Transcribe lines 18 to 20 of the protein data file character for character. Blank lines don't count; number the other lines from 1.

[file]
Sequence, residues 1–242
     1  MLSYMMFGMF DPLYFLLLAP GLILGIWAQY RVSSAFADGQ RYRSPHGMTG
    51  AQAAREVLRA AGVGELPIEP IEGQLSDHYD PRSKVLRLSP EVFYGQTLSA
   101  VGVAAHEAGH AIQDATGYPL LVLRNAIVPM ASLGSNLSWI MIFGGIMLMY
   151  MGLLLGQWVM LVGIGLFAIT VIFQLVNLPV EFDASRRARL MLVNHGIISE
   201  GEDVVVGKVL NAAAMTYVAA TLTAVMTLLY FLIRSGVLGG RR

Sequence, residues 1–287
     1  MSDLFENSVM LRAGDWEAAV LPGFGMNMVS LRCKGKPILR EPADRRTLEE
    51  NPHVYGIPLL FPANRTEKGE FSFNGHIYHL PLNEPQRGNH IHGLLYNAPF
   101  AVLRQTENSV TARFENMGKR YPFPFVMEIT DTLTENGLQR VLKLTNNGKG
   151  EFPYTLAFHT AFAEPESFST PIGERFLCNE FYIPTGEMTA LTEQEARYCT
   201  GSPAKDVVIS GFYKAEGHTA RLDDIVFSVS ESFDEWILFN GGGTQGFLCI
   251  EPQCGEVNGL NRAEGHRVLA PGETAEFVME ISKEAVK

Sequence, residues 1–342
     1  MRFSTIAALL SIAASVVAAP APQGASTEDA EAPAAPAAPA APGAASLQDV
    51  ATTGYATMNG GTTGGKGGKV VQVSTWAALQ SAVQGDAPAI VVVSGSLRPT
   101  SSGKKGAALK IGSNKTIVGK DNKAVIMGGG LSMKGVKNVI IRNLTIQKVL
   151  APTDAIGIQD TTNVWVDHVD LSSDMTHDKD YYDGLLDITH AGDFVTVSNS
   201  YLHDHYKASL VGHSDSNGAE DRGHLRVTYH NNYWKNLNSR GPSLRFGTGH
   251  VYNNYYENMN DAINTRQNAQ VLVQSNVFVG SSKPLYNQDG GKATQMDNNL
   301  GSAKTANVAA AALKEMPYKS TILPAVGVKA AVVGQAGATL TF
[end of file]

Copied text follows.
   151  APTDAIGIQD TTNVWVDHVD LSSDMTHDKD YYDGLLDITH AGDFVTVSNS
   201  YLHDHYKASL VGHSDSNGAE DRGHLRVTYH NNYWKNLNSR GPSLRFGTGH
   251  VYNNYYENMN DAINTRQNAQ VLVQSNVFVG SSKPLYNQDG GKATQMDNNL